Following on from our recent synchronistic weekend, I have been recalling the seemingly random occurrences which crop up that bring comfort in unexpected ways.
Earlier this year, we were on holiday in Phuket, Thailand, and were on a boat trip that involved time spent on the main boat, and also going around caves/lagoons by canoe, with a Thai crew member acting as our guide, and paddling the canoe for our safety.
There were seven couples on the boat and we waited in turn to be allocated to a crew member and step off onto our canoe. Thai names tend to be unpronounceable to Europeans so the guys adopt short names that are easily remembered. Somehow I was not really that surprised that our crewman introduced himself as James. He was about as unlike our James as you could possibly be, a thickset, stolid looking chap. But he was kind, courteous and funny as we have found most Thais to be.
How strange it felt to be saying, “Thank you, James”, after all this time. Also sharing little jokes and saying, “You are funny, James, you do make me laugh”, and so on.
There was an acute poignancy in those few hours in having my son’s name so frequently upon my lips.
Strangely, later on in the day I overheard a conversation on the boat between two of the passengers. It transpired that one of them, a lady from India, had also lost a son. What are the odds, I wonder, of there being two bereaved mothers from either side of the world, in such a small group, on the same boat trip, on the same day? I did not get the opportunity to speak to the lady before we went our separate ways, but I found it an odd coincidence.
It is indeed true that everyone has a story, and sometimes we are destined to share these, sometimes not. Circumstances did not dictate that our paths crossed directly, but I still find it unusual that we were in the same place at the same time. Perhaps it was a missed opportunity.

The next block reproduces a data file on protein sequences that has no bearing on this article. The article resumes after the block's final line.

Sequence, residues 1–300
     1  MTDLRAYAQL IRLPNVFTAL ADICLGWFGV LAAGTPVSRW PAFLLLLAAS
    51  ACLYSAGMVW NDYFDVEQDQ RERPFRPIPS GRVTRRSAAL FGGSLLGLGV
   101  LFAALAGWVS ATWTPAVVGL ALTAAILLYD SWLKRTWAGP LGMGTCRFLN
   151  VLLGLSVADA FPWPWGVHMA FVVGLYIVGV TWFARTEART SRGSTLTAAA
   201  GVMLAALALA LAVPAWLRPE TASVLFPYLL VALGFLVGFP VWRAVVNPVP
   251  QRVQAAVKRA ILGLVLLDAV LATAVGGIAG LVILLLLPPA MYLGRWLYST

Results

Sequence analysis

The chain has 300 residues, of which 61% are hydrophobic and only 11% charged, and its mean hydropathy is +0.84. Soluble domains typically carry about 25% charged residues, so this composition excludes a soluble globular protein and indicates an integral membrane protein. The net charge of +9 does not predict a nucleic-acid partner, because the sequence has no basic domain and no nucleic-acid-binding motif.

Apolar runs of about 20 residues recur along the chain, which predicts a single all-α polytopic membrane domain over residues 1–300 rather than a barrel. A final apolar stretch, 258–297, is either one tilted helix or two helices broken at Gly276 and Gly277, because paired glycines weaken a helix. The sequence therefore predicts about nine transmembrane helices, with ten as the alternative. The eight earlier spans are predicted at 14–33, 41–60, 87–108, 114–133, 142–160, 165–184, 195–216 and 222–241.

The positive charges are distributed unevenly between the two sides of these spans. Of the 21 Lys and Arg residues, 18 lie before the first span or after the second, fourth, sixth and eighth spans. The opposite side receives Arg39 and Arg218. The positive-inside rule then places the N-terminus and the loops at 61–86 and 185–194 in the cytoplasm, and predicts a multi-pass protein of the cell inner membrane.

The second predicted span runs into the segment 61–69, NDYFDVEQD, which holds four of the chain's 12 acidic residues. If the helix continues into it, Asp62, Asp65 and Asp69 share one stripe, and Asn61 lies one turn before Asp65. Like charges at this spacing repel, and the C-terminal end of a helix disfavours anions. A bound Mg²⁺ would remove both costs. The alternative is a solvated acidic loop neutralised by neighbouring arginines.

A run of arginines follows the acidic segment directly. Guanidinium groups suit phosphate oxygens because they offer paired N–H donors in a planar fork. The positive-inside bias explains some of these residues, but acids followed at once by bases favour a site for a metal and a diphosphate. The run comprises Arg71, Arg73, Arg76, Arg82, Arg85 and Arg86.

Another seemingly random sign came our way recently. We were invited by the RNLI to their headquarters in Poole, Dorset, partly because we are involved with an ocean and inland water safety campaign which will soon be launched.
We attended a meeting at the campaign office and were then free to enjoy the hospitality at the RNLI College which is also a hotel (and highly recommended as a base for a weekend away). We were booked onto a complimentary guided tour of the college which is offered to visitors. This was very interesting and gave us a much better insight into the work done by the RNLI.
We moved as a group into the area above the training pool where we were told about the exercises which are carried out there. My eye was immediately drawn to a table on the far side of the room. On the table, incongruously, sat a vacuum cleaner. Nothing odd about that, you may say … but the vacuum cleaner was of a make which produces machines with names (most commonly Henry). This bright yellow model sported, in large letters, the name JAMES. “Psst …” – I nudged Shaun. “Look at that!”
He followed my gaze and neither of us could help laughing at this unusual spiritual sign. Later we toasted James as we sat in the evening sunshine overlooking the harbour – and marvelled at the mystery of it all.